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The Art of Telling An Effective Story

Preparing for an interview can be an exhaustive process.  Do you have the proper wardrobe? Do you know how to get to the office?  Do you know every piece of your resume and why you put it on there?  If you have all of this down, you probably feel pretty prepared, but you forgot something.  Do you have effective stories to tell?

Stories?  But I’m getting ready for an interview not a campfire.

Just as stories connect people around a campfire, they are an important part of establishing rapport with your interviewer.  Other reasons why stories are critical in interviews:

  • They make your past duties and responsibilities interesting and memorable
  • Stories demonstrate how you used your skills to overcome a challenge or meet a goal
  • They give a better sense of who you are and how you work

So what are the elements of a good story for interviewing?

  1. Short and to the point – Each story should not be more than two minutes.  Anything longer and you will lose the audience.  If they ask for more detail, you may share more but wait to see if they ask.
  2. Relevant to the position you are applying for – A great story quickly becomes a bad one if it doesn’t somehow connect and make you a match to the job you are applying for and the question asked by the interviewer.
  3. Interesting –Find ways to make your stories appealing.  Don’t make things up, but choose words that create great imagery. A sense of drama that leaves the listener wondering how things will turn out is ideal.
  4. Showcases your skills – Think about what skills you feel are your strongest, and how those have applied to past successes.  Highlight those when preparing your stories.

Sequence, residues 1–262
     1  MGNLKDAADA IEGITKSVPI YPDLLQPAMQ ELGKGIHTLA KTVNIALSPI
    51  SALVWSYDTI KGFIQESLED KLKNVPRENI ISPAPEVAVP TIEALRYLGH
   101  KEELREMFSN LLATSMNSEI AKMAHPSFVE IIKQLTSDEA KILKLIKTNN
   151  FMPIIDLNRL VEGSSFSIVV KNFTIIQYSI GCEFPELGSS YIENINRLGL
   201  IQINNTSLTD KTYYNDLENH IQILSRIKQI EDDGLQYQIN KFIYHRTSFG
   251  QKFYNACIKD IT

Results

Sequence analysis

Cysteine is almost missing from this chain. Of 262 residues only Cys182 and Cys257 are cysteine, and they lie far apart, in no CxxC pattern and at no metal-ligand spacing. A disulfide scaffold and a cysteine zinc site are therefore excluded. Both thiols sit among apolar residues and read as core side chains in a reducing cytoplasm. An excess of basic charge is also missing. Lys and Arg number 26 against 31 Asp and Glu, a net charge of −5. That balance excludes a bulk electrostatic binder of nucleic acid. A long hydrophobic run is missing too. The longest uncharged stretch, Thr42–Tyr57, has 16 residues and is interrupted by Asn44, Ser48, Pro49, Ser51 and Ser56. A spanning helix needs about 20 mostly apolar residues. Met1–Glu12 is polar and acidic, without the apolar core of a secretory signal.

The next step is to prepare and practice your stories.  As you are creating your stories, the general structure should be:

  • Quick presentation of background information including the problem or situation to be solved
  • The actions you took, including how you used your skills to create success
  • The positive conclusion that occurred and the impact your actions had.

Once you have your stories created, practice them with friends and family to get their take on them.  Make sure they feel it showcases the items and skills you want.  If it doesn’t, go back and tweak accordingly.

Be sure to prepare a wide variety of stories so you have just the right one for the question being asked. Generic stories that you can plug in anywhere do not come off smoothly in interviews.  Typical questions that may invite you to share a story include:

  • What are your strengths?
  • Give an example of a challenging situation you were faced with and how you handled it.
  • Tell me about yourself.
  • Why do you want to work for this organization?
  • Are you a team player?
  • What has been your biggest professional disappointment?  (Be sure to highlight what you learned from this to put a positive spin on it.)

By having a number of quality, descriptive stories ready at your interview, you will be setting yourself ahead of the competition and much more likely to get the job.  If you do it right, you will be memorable to the interviewer, much like the campfire story you were told as a kid but still remember to this day.

 

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